Sen. Obama said the other night that Bill Ayers would have no place in an Obama government if that’s our fate. Oddly enough, Ayers is more destructive under the radar than being a central blip.
I’d like to see Fordham be a bit more aggressive on Ayers. Fewer highfalutin denunciations, a bit more honest populism. Maybe a little more like this – you’ve heard of this guy, yes?
UPDATE: Just heard Stern interviewed by Dennis Prager. It’s worth a listen – go to iTunes Store, search for Dennis Prager and download the 10.16.2008 episode called “Prager H2: Round Three, Two.” It’s free.
Oct 8, 2008
[ Photo: William Ayers, Distinguished Professor of Education and Senior University Scholar at the University of Illinois at Chicago, compares tattoos with a developing revolutionary. When asked the location of Ayers' tattoo[s], our young comrade replied, “lemmie [sic] just tell you this, we both wear red underwear.” ]
I could write 100,000 words on this scoundrel – and, more interestingly, the pseudo-scoundrels and partisan hacks who have come out of the woodwork to support him. If I were Ayers and had relatively few defenders before this election, I’d think the current support a bit disingenuous.
But there’s no need for me to write that much. There are plenty of others who have weighed in. At the risk of appearing like I’ve created a Bill Ayers Blog Carnival, browse the following – it’s a roundup of some of what I’ve read over the last 24 hours.
Sherman Dorn points to Matthew Yglesias’s piece on Ayers. Yglesias writes:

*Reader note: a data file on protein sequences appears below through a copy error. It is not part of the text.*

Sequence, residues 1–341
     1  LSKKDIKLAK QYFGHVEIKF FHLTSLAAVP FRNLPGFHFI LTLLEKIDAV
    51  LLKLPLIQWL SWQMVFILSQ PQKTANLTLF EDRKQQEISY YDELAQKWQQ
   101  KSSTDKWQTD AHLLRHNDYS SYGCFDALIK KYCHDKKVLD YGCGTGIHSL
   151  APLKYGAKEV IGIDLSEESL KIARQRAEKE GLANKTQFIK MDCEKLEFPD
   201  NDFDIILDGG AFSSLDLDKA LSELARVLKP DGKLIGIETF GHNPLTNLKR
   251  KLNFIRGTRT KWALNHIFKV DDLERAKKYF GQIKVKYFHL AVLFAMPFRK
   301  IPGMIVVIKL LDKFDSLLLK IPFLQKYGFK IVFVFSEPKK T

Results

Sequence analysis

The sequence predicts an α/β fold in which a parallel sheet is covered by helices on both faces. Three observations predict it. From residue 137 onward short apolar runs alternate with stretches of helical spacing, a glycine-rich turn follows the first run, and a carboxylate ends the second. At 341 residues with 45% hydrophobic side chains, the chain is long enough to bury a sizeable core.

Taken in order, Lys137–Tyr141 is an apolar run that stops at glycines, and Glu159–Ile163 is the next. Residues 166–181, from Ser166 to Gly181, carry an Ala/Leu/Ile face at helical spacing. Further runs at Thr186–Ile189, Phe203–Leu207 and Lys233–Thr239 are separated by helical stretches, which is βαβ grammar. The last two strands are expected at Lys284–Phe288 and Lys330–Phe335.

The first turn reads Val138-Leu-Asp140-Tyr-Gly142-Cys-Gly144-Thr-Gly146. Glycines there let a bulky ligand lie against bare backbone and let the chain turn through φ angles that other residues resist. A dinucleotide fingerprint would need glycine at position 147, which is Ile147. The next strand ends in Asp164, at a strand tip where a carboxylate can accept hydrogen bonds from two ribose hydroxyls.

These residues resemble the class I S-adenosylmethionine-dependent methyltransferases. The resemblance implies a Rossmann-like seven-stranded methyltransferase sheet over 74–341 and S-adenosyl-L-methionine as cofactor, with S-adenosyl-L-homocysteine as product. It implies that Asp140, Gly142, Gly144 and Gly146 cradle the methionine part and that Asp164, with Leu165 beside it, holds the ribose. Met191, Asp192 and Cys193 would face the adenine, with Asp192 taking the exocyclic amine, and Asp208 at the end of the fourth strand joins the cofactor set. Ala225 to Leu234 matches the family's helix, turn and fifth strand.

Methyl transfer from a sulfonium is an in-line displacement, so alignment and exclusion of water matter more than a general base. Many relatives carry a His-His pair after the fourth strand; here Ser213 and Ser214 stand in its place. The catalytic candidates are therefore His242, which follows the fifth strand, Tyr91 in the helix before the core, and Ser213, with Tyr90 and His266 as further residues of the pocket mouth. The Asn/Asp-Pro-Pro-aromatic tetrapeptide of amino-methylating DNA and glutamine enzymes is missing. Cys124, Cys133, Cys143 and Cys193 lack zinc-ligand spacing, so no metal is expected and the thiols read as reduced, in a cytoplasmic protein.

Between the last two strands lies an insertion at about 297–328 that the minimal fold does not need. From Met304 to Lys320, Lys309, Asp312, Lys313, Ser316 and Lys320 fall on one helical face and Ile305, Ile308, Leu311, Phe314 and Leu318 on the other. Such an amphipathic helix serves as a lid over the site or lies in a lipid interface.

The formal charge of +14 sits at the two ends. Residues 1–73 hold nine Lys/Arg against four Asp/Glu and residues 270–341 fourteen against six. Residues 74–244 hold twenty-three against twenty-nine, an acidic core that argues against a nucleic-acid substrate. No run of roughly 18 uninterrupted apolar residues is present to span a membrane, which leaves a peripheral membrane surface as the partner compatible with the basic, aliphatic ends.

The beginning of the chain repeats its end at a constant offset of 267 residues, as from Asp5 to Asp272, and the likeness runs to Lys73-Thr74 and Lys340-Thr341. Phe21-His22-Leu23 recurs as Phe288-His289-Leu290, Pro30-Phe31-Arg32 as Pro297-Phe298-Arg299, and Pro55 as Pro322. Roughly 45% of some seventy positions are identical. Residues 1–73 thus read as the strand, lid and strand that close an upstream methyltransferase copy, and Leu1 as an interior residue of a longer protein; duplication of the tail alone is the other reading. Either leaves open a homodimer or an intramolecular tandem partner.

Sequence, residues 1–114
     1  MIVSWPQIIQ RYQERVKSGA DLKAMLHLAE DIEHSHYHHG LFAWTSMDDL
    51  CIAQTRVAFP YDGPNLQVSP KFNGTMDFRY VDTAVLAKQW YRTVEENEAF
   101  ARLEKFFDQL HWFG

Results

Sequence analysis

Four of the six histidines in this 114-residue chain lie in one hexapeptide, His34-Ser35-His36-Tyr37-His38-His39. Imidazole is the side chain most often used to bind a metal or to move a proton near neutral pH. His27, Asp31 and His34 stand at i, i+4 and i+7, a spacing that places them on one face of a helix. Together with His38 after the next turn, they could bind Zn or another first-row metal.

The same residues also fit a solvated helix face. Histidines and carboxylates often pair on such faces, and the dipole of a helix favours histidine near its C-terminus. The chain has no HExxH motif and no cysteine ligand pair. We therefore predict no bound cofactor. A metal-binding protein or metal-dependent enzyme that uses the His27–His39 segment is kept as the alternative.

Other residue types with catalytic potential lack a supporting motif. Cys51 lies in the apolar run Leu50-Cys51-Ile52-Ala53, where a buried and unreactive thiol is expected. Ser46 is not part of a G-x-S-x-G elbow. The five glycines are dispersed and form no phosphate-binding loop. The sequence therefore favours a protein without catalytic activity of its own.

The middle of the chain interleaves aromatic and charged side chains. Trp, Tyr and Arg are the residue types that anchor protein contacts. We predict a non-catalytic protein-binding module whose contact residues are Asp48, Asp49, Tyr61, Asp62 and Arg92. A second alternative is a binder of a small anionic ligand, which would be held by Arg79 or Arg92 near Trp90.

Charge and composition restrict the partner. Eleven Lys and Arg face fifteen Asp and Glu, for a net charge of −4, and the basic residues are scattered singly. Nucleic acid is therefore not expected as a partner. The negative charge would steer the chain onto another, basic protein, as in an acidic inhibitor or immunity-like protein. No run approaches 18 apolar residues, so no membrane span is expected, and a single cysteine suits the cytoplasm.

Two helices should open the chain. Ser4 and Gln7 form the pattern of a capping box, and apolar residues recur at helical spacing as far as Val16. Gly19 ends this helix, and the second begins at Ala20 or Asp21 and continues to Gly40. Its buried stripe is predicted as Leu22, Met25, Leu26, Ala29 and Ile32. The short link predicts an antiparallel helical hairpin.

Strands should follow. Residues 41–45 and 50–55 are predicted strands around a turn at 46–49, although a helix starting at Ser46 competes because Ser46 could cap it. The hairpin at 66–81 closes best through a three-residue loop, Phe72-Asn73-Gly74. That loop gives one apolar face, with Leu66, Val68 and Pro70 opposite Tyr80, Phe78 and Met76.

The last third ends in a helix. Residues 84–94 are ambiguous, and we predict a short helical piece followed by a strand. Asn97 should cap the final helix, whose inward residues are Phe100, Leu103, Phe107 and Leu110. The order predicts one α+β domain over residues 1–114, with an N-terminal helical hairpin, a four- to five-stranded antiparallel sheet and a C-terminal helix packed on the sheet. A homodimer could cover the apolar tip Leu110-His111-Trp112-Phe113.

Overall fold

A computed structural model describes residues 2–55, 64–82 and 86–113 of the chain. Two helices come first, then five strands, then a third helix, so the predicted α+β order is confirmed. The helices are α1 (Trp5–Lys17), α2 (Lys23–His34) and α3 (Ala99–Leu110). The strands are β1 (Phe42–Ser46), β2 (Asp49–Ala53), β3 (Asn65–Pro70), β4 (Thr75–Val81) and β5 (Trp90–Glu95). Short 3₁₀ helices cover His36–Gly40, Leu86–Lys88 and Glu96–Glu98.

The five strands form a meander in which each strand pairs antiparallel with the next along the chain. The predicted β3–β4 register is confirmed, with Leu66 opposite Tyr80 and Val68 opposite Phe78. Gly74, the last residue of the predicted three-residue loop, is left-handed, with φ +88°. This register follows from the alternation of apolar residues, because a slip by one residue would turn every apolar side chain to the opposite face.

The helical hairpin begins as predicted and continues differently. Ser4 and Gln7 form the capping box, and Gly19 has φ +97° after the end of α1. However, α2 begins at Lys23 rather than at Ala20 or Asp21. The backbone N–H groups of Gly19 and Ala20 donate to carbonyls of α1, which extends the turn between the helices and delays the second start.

“One thing you can say in Ayers’ defense is that it’s perfectly clear from his present-day conduct that he, in fact, realizes that unleashing a podunk domestic terrorism campaign would be a stupid and immoral thing to do. He could be going around setting off bombs. Instead, he’s a professor and a community activist. On the other hand, he seems sufficiently entrenched in egomania and self-righteousness that he can’t bring himself to actually admit that. And until he does admit that he was wrong, he’s hard to defend.”
“That seems pretty close to Oliver North, if you’re looking for parallels—with North as a former talk-radio blowhard who has never apologized, but he’s just a former talk-radio blowhard who speaks to conservative audiences.”
They aren’t as similar as Dorn would lead you to believe, but to be more accurate, Dorn would have to burden himself with a bit more historical knowledge than he can likely handle.
NPR examines Ayers’ history and puts it in the context of Obama. I understand why they did this – it’s a hot issue – but it’s not that relevant to some of us. Some of us have opposed Ayers and his work since before Obama was on the national scene. The NPR report is deeply wrong about one thing:
“Regardless of his background, it was never a problem for anyone — including Republicans and Chicago’s most powerful business leaders — to work with Ayers on Chicago’s public schools. In fact, Ayers is widely respected in the field of urban education.”
In “The Bomber as School Reformer,” Sol Stern makes a strong case against Ayers – as he has on several occasions. His must-read piece includes this paragraph:
“As I have shown in previous articles in City Journal, Ayers’s school reform agenda focuses almost exclusively on the idea of teaching for “social justice” in the classroom. This has nothing to do with the social-justice ideals of the Sermon on the Mount or Martin Luther King’s “I Have a Dream” speech. Rather, Ayers and his education school comrades are explicit about the need to indoctrinate public school children with the belief that America is a racist, militarist country and that the capitalist system is inherently unfair and oppressive. As a leader of this growing “reform” movement, Ayers was recently elected vice president for curriculum of the American Education Research Association, the nation’s largest organization of ed school professors and researchers.”